Training the Wisdom Body: Buddhist yogic exercise
Sitting still in meditation may be the common image that comes to mind when one thinks of Buddhist practice—but just as important is cultivation of awareness through movement. The traditional Tibetan practice of yogic exercises known as lujong helps us connect with and explore the natural wisdom inherent in our living, breathing, feeling bodies. Lujong is an exercise that engages our whole being—body, mind, and subtle body—from the coarse aspects to the subtler and more profound. This book provides a thorough foundation for those new to the practice, and it helps people already engaged in any form of yogic exercise to deepen the potent fusion of meditation and physical movement. Included is an overview of the unique tradition of Buddhist yoga, along with instructions on how to work with the body and mind in seated meditation; tips for furthering our practice by working with adversities such as fear, procrastination, and anxiety; and guidance on bringing practice mind into daily life. The author also offers exercise instructions and a complete explanation of the movement practices, with photos to illustrate.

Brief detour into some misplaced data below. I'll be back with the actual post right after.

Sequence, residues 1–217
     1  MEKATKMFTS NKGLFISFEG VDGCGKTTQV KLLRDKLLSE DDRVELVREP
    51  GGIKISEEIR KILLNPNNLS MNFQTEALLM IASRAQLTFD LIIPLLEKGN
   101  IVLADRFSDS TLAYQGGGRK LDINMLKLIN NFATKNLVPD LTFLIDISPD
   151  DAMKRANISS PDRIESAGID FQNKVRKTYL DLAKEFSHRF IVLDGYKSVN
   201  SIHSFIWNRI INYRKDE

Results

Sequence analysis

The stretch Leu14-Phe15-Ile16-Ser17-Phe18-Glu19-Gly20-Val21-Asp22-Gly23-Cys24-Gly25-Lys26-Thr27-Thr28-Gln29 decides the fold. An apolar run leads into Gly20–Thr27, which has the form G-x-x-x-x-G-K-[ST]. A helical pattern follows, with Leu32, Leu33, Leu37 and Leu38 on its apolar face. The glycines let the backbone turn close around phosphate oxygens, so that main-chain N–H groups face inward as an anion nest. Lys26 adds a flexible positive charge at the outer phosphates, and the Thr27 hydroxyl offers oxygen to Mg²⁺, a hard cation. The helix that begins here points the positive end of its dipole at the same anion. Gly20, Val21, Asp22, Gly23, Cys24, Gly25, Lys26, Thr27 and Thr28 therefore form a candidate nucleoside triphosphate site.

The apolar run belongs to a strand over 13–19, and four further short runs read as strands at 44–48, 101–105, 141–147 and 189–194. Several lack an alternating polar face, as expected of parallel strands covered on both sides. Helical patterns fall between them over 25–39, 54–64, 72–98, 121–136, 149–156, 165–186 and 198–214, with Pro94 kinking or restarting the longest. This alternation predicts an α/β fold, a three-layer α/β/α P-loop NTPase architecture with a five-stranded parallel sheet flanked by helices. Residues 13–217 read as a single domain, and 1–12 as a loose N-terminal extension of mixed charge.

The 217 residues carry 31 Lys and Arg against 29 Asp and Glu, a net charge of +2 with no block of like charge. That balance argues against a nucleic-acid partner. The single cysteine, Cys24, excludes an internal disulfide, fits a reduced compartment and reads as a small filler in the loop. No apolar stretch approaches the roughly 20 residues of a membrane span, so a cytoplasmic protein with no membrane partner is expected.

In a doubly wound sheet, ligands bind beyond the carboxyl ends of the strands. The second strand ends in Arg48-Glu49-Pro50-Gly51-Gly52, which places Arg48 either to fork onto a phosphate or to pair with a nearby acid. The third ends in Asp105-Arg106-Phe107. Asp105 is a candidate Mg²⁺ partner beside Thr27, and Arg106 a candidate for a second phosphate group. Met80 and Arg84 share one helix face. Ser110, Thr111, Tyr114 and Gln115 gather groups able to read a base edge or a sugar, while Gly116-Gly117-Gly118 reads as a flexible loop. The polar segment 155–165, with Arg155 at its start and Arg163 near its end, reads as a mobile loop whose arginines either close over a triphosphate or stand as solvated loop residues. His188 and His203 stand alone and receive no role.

“Anyone interested in the internal path of yoga or Buddhism knows that as you work with the body you can’t help but work with emotional and mental holding patterns as well. Rose Taylor Goldfield’s new book integrates the psychological aspects of practice with practical advice about staying grounded in your body. For meditators this book will help root the mind in the body, and for people familiar with physical yoga, this book will help you work with the mental chatter, old emotional patterns, and distractions that inevitably arise as you go deeper. I wish I had read this book when I started on this path.”
—Michael Stone, author of The Inner Tradition of Yoga
“Drawing from her in-depth immersion in Tibetan Buddhism, Rose Taylor Goldfield offers an accessible, comprehensive guide to yogic interconnection of the body, breath, and mind in a way that renders these ancient methods applicable to anyone, whether Buddhist or not.”
—Sarah Powers, author of Insight Yoga
“Rose Taylor Goldfield opens up words and ideas to shed new light on the practice of traditional Buddhist yoga. This is a clear, thoughtful, and practical book that reflects years of study and practice. It is a unique guide for anyone wanting, as Rose writes, to ‘look into their own being to fully understand themselves.’”
—Elizabeth Mattis-Namgel, author of The Power of an Open Question